On the field, Saturday was a success for the Pac-12. The day began an ended with Pac-12 football. League favorites USC (on Fox) and Oregon (on ABC) earned victories in the biggest television windows of the conference's major television partners.
But it's impossible to ignore the conditions off the field, and the Pac-12's off-the-field prognosis is not looking good.
For starters, two of the Pac-12's six scheduled games did not happen, due more to contact tracing requirements than a preponderance of positive tests.
Cal canceled its scheduled game with Washington due to a single defensive lineman testing positive (the player is reportedly asymptomatic). In his Hotlinenewsletter, the esteemed Jon Wilner got a Berkeley health official to confirm that a single positive test would require any close contact to quarantine the full 14 days -- no matter what.
If the defensive linemen currently in quarantine are not released this week — they have tested negative since their last contact with the infected teammate — then the Bears likely will be forced to cancel this week’s trip to Arizona State.
But that is, potentially, just the beginning.
If a single positive tests wipes out an entire position group for 14 days, Cal’s season is on the brink.
Imagine the Bears emerging from this two-week shutdown, only to have a third-string left tackle test positive. The entire offensive line would be shut down for two weeks, and more games would be canceled.
The calculus is just different in the Pac-12 than everywhere else. Remember, the Pac-12 was the first conference to secure a daily testing partner (most leagues still don't have one) and was the last to return to the field. Though it has the most robust testing-and-tracing program in college football, the Pac-12 left final authority up to each campus, which means it's up to each local health department.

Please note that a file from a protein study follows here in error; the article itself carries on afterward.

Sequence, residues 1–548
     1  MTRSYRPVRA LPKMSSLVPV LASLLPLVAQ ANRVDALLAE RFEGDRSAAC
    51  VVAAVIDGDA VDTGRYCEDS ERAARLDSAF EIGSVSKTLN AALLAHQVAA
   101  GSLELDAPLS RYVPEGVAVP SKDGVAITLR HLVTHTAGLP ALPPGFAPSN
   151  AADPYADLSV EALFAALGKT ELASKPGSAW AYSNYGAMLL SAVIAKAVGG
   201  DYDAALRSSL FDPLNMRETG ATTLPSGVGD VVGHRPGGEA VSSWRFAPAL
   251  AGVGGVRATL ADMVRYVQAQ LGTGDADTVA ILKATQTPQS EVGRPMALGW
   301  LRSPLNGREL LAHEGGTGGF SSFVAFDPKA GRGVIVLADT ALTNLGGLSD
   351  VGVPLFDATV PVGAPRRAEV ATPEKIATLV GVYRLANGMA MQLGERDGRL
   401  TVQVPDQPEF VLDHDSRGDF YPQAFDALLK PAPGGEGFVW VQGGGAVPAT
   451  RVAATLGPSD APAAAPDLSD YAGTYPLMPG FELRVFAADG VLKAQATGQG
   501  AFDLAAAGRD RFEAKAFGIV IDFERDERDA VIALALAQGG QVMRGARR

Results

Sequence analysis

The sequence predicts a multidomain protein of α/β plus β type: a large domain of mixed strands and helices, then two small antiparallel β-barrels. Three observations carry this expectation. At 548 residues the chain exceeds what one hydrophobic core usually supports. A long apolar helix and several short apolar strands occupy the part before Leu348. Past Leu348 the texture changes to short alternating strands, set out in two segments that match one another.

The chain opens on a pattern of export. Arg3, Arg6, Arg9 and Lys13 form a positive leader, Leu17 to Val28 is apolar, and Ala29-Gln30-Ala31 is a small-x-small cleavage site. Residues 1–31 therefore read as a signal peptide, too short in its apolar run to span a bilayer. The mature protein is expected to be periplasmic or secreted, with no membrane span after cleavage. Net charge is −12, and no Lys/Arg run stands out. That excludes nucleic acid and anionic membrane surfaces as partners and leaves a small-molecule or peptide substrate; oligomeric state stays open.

It's a reminder that, outside of a bubble environment, you can't separate sports from the society in which they're played.
Case in point: Utah. Governor Gary Herbert has applied a statewide mask mandate while also limiting public gatherings in an attempt to stem the tide of rising cases. The Utes did not play their scheduled game with Arizona on Saturday, and on Monday Kyle Whittingham said they currently have scout teamers taking first-team reps.
The school also confirmed that it recently had a player whose symptoms required hospitalization for treatment, though he has since been discharged.
Elsewhere, Washington State played (and won) without 32 players, and Stanford's starting quarterback was scratched 90 minutes before kickoff.
That's a third of the conference right there.
Throughout this season we've refrained from "Uh oh, Conference X is starting to unravel!!!" alarmism. The ACC, SEC and Big 12 each had their struggles as recently as mid-October, but each league has seen its forecasts improve greatly in the past three weeks. Since Oct. 24, the Big 12 has played 15 of 15 scheduled games, the SEC is 14-of-14, the ACC is 19-of-20.
The COVID life, as we've all learned in these past eight months, is a day-to-day, moment-to-moment grind. Just as the outlook could worsen tomorrow in SEC country, so could it improve in the Pac-12.
But the underlying truth here is that the math is just different in the Pac-12, and there's no changing it this season.